By:Â Dylan Rodgers
Boasting over 600 feet in length, the Cathedral of St. John the Divine in Morningside Heights, Harlem is the largest Gothic cathedral in existence. Â Just to get some perspective on this massive and intricately built house of worship, the Statue of Liberty could go sing praises along with at least thirty other worshipers in the sanctuary alone.Â That's like the size of 2 football fields or well over 6 blue whales in length.
It is no wonder then that the construction of Cathedral of St. John the Divine began in 1892 and ended over a hundred years later.Â Heins & Lafarge, the architectural firm in charge of the cathedral's construction, had designed it as a Roman/Byzantine hybrid.Â In 1907, Heins died and the contract for the cathedral construction was passed to Ralph Adams Cram.Â Cram specialized in Gothic-style architecture, and staying true to his methodology, he redesigned the church.Â He kept the basic layout of the Roman Basilica plan (a rectangular room with a cubby on each side to resemble a cross), but added some Gothic flare.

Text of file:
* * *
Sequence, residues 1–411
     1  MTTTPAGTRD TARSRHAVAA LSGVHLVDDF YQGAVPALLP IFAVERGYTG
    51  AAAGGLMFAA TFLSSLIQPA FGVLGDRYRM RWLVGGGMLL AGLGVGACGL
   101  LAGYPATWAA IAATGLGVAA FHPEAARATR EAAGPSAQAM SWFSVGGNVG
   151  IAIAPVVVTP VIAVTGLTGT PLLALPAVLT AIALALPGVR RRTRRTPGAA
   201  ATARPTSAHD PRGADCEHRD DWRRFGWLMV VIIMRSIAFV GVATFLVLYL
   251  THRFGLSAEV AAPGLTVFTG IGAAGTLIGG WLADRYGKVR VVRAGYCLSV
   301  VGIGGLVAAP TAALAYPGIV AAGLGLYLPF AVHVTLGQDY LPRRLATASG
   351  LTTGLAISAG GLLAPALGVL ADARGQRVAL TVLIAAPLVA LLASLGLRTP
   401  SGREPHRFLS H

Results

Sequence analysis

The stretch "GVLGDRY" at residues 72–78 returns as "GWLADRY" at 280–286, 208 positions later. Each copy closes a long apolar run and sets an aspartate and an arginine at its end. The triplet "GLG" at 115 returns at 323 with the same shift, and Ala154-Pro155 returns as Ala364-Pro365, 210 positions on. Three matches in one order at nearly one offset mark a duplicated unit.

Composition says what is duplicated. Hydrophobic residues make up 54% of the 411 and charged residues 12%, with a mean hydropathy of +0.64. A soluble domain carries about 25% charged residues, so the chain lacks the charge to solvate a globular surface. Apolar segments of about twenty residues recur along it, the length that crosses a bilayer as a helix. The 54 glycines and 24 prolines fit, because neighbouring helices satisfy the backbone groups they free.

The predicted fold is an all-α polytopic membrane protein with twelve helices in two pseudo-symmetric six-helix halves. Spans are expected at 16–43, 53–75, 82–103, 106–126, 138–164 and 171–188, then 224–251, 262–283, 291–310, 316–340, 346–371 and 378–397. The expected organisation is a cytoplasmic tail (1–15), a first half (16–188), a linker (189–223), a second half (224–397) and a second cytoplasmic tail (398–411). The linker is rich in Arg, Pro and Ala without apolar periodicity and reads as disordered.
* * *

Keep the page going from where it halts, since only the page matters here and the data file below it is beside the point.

Cram drew in beautiful, circular stained glass windows and delicately crafted trim around every focal point.Â The cathedral was transformed into a medieval castle that not only wows its observers, it inspires powerful and emotional responses.Â Once the nave opened to the public in 1941, the spirit was rekindled when the crowd was finally able to experience the cathedral's massive grandeur. And then came Pearl Harbor.
Construction of St. John's cathedral screeched to a halt and would remain untouched for 32 years.Â By the 70's, masonry and stone work had commenced.Â There has been unbelievable support from the community that revered the cathedral as a symbol of hope and rebirth, especially in the times of economic hardship in the 70's, the 90's, and now.
Now in 2011, the Cathedral of St. John the Divine is still not entirely finished, but no new construction is planned.Â The scaffolding was removed from the cathedral's south tower in 2007 and there remains plenty of restoration work to do to finished elements.Â With some cathedrals taking up to 500 years to be completed, the 119 year construction of the Cathedral of St. John the Divine is actually going rather quickly.
Photo: Tom Thai